IEA report shows more investment needed to meet energy, climate goals

The International Energy Agency’s (IEA) Global Critical Minerals Outlook 2024 report has highlighted a need for greater and more diversified investment in order to meet the world’s energy and climate goals. 

Following the IEA’s inaugural review of the market last year, the report offers medium and long-term outlooks for the demand and supply of key energy transition minerals, based on the latest technology and policy trends.

After two years of “dramatic” increases, prices of critical minerals fell sharply to pre-pandemic levels in 2023, the report found. Materials used to make batteries saw the biggest declines, with lithium dropping by 75%. Nickel, cobalt and graphite, meanwhile, all dropped between 30% and 45%.

Although the lower prices have been welcome news for consumers, it’s been a headwind for investment. Investment in critical minerals rose 10% in 2023 while exploration spending increased 15% — still strong, the report noted, but slower than in 2022.

IEA Executive Director Fatih Birol says access to critical minerals is essential for smooth and affordable clean energy transitions.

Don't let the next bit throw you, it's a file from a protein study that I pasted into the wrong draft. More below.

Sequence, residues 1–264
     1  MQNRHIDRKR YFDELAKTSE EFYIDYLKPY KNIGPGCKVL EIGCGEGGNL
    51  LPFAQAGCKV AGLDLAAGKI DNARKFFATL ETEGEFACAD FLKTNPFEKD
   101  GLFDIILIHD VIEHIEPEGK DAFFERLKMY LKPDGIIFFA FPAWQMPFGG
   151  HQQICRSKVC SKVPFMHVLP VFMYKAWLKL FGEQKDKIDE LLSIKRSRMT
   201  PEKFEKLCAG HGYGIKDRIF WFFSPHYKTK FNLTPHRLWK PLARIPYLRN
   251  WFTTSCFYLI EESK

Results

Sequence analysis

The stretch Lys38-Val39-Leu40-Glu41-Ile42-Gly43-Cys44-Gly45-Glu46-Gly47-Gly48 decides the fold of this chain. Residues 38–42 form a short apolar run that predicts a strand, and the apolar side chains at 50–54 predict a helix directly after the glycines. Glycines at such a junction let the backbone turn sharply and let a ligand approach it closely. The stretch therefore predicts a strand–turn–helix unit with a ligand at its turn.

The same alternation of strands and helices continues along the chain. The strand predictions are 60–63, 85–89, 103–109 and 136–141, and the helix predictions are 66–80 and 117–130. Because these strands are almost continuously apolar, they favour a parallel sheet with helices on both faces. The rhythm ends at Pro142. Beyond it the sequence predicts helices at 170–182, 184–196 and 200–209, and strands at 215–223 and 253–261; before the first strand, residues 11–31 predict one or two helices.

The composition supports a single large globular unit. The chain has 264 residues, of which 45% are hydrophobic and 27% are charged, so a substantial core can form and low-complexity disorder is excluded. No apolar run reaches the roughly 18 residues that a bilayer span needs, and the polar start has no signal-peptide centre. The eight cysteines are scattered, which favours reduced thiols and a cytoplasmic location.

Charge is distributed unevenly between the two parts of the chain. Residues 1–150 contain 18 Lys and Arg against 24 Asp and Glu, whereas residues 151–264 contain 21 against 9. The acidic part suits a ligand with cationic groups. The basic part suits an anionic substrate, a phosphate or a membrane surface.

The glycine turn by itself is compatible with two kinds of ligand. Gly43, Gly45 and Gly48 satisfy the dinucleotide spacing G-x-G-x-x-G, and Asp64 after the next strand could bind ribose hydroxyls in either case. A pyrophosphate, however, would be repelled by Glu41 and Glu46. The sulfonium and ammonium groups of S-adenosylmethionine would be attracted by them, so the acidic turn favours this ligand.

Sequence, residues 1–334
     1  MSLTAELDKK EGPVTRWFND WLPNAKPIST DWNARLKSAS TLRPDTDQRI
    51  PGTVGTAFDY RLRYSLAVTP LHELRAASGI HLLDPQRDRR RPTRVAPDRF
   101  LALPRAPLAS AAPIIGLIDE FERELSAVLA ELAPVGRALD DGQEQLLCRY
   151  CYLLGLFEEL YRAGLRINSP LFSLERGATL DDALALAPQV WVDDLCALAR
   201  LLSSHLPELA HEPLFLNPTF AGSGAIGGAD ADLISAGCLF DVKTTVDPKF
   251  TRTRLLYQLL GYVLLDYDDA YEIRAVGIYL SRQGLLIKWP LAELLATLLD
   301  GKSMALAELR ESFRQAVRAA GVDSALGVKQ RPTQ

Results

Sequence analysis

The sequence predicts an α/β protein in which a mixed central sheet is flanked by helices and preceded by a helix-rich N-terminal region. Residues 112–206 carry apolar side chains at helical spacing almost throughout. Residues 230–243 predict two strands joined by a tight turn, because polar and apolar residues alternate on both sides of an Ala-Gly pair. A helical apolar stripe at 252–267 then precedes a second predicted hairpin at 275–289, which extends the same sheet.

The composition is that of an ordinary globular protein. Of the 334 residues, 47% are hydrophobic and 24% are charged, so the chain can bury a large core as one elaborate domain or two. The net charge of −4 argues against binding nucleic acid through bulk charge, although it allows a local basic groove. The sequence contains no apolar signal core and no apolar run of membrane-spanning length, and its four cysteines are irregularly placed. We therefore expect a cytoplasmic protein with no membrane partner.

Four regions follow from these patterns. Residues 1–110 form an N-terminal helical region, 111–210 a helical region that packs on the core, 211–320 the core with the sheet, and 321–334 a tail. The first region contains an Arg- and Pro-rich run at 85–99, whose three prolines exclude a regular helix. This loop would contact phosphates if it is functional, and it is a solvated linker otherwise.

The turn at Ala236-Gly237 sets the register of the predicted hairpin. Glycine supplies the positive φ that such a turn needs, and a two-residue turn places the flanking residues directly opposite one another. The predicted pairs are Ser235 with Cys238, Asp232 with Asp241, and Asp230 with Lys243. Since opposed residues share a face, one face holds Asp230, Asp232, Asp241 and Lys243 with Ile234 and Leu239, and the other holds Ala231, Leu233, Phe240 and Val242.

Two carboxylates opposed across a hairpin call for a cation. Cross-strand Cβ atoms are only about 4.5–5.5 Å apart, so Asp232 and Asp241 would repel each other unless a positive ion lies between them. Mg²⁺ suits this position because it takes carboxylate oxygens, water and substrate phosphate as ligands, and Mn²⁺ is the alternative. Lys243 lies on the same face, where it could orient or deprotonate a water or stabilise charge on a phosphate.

“The world’s appetite for technologies such as solar panels, electric cars, and batteries is growing fast — but we cannot satisfy it without reliable and expanding supplies of critical minerals,” he says. 

Birol adds that he is “encouraged” by the recent critical minerals investment boom, as the world is in a better position than it was a few years ago. 

“But this new IEA analysis highlights that there is still much to do to ensure resilient and diversified supply.”

The IEA estimates that US$590 billion ($880.49 billion) in new capital investments will be required between now and 2040 under the Announced Pledges Scenario (APS). 

The total capital requirements are about 30% higher at nearly US$800 billion over the same period, as the net zero emissions scenario sees faster implementations of clean energy technologies. 

The IEA says that the industry is making progress on workplace safety, gender diversity and balance, community investment, and using renewables for mineral production. 

However, there remain shortcomings in reducing waste generation, greenhouse gas emissions, and water consumption. 

The IEA says there is a need to step-up efforts on recycling, innovating, and encouraging behavioural change to ease potential strains on supply. 

According to the IEA, without the strong uptake of recycling and reusing, mining capital requirements would need to be one-third higher. 

Write to Aaliyah Rogan at Mining.com.au   

Images: IEA Executive Director Fatih Birol (via Reuters)
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Written By Aaliyah Rogan
Relocated from the East Coast in New Zealand to Queensland Australia, Aaliyah is a fervent journalist who has a passion for storytelling. When Aaliyah isn’t writing stories, she is either spending time with friends and family or down at the beach.